OTTAWA – Prime Minister Justin Trudeau showed no signs of ceding to Saudi Arabia Wednesday, saying the federal government has, and will continue to "speak strongly and clearly in private and in public on questions of human rights."

His comments come amid an ongoing diplomatic and economic dispute with the Middle Eastern nation, including the Saudi foreign minister saying earlier Wednesday that Canada needs to take back its critique of the country’s arrest of human rights activists.

"We have always had a positive and constructive relationship with countries around the world while at the same time always making sure we’re bringing up human rights concerns, because Canadians expect that, and indeed people around the world expect that leadership from Canada," Trudeau said.

"We will continue, we will do so in a constructive and polite way but we will also remain firm on standing up for human rights everywhere around the world," he said.

His comments come amid an ongoing diplomatic and economic dispute with the Middle Eastern nation.

Over the last few days Saudi Arabia has expelled Canada's ambassador and recalled its own; suspended trade and planned to sell off Canadian assets; ordered thousands of students and medical trainees to leave Canada; and is suspending Saudi state airline flights to Toronto.

All of this, according to the country’s foreign ministry, is because of what it considers "overt and blatant interference" in the country’s internal affairs.

Specifically at issue: a tweet from Global Affairs Canada stating it was "gravely concerned about additional arrests of civil society and women's rights activists," that also called on the Saudi government "to immediately release them and all other peaceful human rights activists."

This tweet was referring to women’s rights activists detained in the country, including Samar Badawi, the sister of blogger Raif Badawi, who was sentenced to 1,000 lashes and 10 years in prison in Saudi Arabia for critical comments. His wife and children became Canadian citizens at a Canada Day ceremony in Quebec, where they had been living.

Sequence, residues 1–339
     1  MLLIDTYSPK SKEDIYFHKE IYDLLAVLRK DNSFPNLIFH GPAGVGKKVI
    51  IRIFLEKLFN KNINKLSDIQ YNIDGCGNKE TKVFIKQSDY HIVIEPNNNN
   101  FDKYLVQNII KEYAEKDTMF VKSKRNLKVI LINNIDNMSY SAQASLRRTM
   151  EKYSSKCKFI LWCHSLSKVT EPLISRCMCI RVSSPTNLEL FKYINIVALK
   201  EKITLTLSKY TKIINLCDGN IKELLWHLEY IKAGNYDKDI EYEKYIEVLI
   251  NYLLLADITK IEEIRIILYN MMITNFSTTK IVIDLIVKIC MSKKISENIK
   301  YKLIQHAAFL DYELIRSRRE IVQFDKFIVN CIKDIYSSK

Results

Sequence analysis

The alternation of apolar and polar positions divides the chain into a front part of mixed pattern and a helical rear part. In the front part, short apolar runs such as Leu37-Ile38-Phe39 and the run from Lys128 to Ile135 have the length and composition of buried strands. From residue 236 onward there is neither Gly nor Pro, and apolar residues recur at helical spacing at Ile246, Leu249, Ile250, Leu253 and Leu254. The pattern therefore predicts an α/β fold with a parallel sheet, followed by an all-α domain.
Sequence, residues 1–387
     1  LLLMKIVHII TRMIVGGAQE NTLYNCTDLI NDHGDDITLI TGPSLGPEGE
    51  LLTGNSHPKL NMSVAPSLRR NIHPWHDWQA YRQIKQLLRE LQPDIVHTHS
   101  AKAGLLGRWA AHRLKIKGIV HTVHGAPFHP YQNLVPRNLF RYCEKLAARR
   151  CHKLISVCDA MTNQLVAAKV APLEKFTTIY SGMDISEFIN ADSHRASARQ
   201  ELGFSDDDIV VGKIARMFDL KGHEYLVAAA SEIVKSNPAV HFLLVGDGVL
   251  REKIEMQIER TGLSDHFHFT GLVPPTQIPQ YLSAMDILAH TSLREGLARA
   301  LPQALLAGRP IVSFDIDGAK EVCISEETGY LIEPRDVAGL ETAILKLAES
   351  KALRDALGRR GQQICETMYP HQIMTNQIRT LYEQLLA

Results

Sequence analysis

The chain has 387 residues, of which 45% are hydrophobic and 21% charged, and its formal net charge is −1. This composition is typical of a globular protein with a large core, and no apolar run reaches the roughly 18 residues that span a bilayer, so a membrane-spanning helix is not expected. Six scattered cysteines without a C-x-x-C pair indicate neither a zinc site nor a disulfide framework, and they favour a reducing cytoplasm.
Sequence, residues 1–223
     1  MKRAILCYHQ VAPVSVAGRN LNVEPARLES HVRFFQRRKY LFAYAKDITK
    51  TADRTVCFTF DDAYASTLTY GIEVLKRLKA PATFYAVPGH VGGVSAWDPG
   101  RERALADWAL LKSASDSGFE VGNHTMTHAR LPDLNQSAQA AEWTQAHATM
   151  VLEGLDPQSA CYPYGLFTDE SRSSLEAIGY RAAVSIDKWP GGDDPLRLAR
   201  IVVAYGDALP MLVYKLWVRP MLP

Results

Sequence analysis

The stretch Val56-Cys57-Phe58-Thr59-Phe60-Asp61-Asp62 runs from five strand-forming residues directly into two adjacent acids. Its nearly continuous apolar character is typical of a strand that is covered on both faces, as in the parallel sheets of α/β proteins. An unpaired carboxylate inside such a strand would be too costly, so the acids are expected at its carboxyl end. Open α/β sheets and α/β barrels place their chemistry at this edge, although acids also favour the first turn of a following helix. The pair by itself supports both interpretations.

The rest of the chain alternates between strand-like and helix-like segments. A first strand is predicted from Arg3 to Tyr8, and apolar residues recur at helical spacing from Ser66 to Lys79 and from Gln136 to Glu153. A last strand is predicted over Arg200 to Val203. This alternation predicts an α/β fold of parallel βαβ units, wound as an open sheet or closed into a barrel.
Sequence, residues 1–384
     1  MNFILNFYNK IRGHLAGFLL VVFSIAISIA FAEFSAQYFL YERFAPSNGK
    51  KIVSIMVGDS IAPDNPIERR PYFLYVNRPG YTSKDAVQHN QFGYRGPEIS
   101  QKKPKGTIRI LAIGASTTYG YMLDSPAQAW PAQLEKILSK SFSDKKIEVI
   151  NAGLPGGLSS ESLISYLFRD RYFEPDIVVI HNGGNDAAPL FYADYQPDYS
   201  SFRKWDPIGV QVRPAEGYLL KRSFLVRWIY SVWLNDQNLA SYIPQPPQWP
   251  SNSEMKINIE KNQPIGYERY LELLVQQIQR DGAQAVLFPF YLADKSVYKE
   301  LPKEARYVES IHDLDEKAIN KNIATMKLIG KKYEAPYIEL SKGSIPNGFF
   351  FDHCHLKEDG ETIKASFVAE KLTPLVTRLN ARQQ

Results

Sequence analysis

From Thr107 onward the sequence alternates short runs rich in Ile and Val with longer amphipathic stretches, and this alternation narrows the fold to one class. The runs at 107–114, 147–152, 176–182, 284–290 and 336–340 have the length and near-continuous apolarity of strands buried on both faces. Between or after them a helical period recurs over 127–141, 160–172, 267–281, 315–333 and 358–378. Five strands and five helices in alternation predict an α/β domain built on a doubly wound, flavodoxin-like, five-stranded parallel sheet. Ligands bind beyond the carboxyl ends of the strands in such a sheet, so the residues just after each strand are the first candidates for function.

Foreign Affairs Minister Chrystia Freeland tweeted a similar comment from her personal account a day prior.

Earlier Wednesday, Saudi Arabia's foreign minister shifted responsibility for resolving the dispute back to Canada, telling a news conference in Riyadh that "Canada knows what it needs to do," according to multiple reports.

Adel al-Jubeir said there's nothing to mediate in the spat, and said Saudi Arabia is considering additional measures against Canada.

Speaking in Montreal, where he announced funding for jobs in Canada’s healthcare and aerospace sectors, Trudeau said Freeland had a “long conversation” with Saudi Arabia’s foreign minister on Tuesday, and that diplomatic talks continue.

On CTV News Channel Wednesday, Conservative foreign affairs critic Erin O'Toole said he’s glad that Trudeau and Freeland are speaking directly with Saudi officials, and said he doesn’t think an apology is needed, but perhaps a face-to-face meeting is required to smooth things out.

"You have to engage pragmatically," said O'Toole, citing the value mismatch between the two countries. "We're here to work with them if we can repair this relationship without sacrificing our values, I think we can do that."

Without commenting directly on the economic impact of the dispute and whether the federal government is planning to assist anyone impacted by Saudi Arabia’s measures, Trudeau said "obviously Canada will always stand up for our workers and our companies, we need to make sure that we’re protecting Canadian interests in any situation."

One company that is watching the developments closely is the London, Ont. plant that has been supplying light armoured vehicles to the Saudi security forces through the controversial $15-billion federal arms deal that employs about 2,000 people.

One Saudi student who spoke with CTV News outside the Saudi Arabian Cultural Bureau in Ottawa on Wednesday said he didn't understand why Canada weighed in on the jailing of human rights activists.

“Canada was out of line,” said Omar Alabdulhai, who has one semester left in his computer science program at Carleton University.

He said students in Canada are hoping for the situation to be cooled down and the relationship repaired before they have to leave.

"I am 100 per cent sure that Justin Trudeau will apologize soon," the 29-year-old said.